$SqlConnection.ConnectionString = "Server = $SQLServer; Database = $SQLDBName; Integrated Security = True"
$SqlCmd = New-Object System.Data.SqlClient.SqlCommand
$SqlCmd.CommandText = $SqlQuery
$SqlCmd.Connection = $SqlConnection
$SqlAdapter = New-Object System.Data.SqlClient.SqlDataAdapter
$SqlAdapter.SelectCommand = $SqlCmd
$DataSet = New-Object System.Data.DataSet
$SqlAdapter.Fill($DataSet, "Server_Names") | Out-Null
$SqlConnection.Close()
#### Read thru the contents of the is_sql_servers table
foreach ($row in $DataSet.Tables["Server_Names"].rows)
{
#######next line determines whether its just a server name or server\instance.
$instance = $row.is_sqlserver
$d = $instance.contains("\")
if ($d -EQ "TRUE")
{
$LocalPath = c:\Temp\scripts\Test.ps1
[array]$PathArray = $instance -Split [regex]::Escape(\)
write-host $Patharray[0]
write-host $Patharray[1]
$tserver = $Patharray[0].trim()
write-host "is true"
}
else
{ write-host "is false"
$tserver = $instance.trim()
}
Write-Host $instance
#######################################################
#This script gets SQL Server database information using PowerShell
[System.Reflection.Assembly]::LoadWithPartialName('Microsoft.SqlServer.SMO') | out-null
# Create an SMO connection to the instance
$s = New-Object ('Microsoft.SqlServer.Management.Smo.Server') $instance
#####the minus 9 in the next line is to omit "\ERRORLOG" which is the filename
$STR="select '\' + LEFT( replace(Cast( SERVERPROPERTY('ErrorLogFileName') as char(200)), ':\', '$\') , LEN(RTRIM( CAST(SERVERPROPERTY('ErrorLogFileName') AS CHAR(200) ) ) )-9 ) AS TTTT"
$Result = Invoke-Sqlcmd -ServerInstance $s -Database "MASTER" -Query $STR
####write-host $STR
####write-host $Result
foreach($item in $Result){
###$Line_out = $instance + " " + $item.TTTT
$Line_out = $tserver + " " + $item.TTTT
write-output $Line_out | out-file -append "C:\Junk\ERROR_Log_Location.txt"
$DIRECT= "FileSystem::" +"\\" + $tserver + $item.TTTT
#####Write-Host $DIRECT
Get-ChildItem -Path $DIRECT | Measure-Object | %{$_.Count} | Out-File -append -filePath "C:\Junk\ERROR_Log_Location.txt"
write-output "-----------------------------------------------" | out-file -append "C:\Junk\ERROR_Log_Location.txt"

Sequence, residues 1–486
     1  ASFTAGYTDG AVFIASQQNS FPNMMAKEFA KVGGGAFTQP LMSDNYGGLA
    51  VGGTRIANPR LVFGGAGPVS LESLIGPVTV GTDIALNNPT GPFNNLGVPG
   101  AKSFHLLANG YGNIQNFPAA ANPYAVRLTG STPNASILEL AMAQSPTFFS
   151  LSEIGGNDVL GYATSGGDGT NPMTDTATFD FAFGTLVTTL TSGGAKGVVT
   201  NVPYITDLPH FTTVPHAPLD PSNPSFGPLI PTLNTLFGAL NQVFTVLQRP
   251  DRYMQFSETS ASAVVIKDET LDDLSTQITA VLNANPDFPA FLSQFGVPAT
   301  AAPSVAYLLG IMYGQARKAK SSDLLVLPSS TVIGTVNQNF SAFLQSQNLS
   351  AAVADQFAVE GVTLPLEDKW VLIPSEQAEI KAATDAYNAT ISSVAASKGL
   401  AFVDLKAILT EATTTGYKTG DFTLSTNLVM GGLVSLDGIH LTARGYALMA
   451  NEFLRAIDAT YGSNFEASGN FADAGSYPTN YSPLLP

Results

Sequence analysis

}
}

The script will stick the results in a text file here: "C:\Junk\ERROR_Log_Location.txt". Change this to match where you want the report to be created.

Below is what this report will generate. Of course the server's names were changed to protect the innocent. This shows the server, the folder path and the number of files in this folder.

server1 \\server1\C$\Program Files\Microsoft SQL Server\mssql.1\MSSQL\LOG
1486
-----------------------------------------------
server2 \\server2\F$\MSSQL10_50.MSSQLSERVER\MSSQL\Log
6204
-----------------------------------------------
server3 \\server3\F$\MSSQL12.MSSQLSERVER\MSSQL\Log
55
-----------------------------------------------
server4 \\server4\C$\Program Files\Microsoft SQL Server\MSSQL10_50.MSSQLSERVER\MSSQL\Log
875
-----------------------------------------------
server5 \\server5\D$\Program Files\MSSQL10_50.MSSQLSERVER\MSSQL\Log
11906
-----------------------------------------------
server6 \\server6\D$\Program Files\Microsoft SQL Server\MSSQL10_50.MSSQLSERVER\MSSQL\Log
7012
-----------------------------------------------
server7 \\server7\C$\Program Files\Microsoft SQL Server\MSSQL10_50.MSSQLSERVER\MSSQL\Log
12106
-----------------------------------------------
server8 \\server8\C$\Program Files\Microsoft SQL Server\MSSQL10_50.MSSQLSERVER\MSSQL\Log
2790
-----------------------------------------------
server9 \\server9\C$\Program Files\Microsoft SQL Server\MSSQL.1\MSSQL\LOG
1728
-----------------------------------------------
server10 \\server10\E$\MSSQL.1\MSSQL\LOG
36521
-----------------------------------------------
server11 \\server11\F$\Program Files\Microsoft SQL Server\MSSQL10.MSSQLSERVER\MSSQL\Log
1109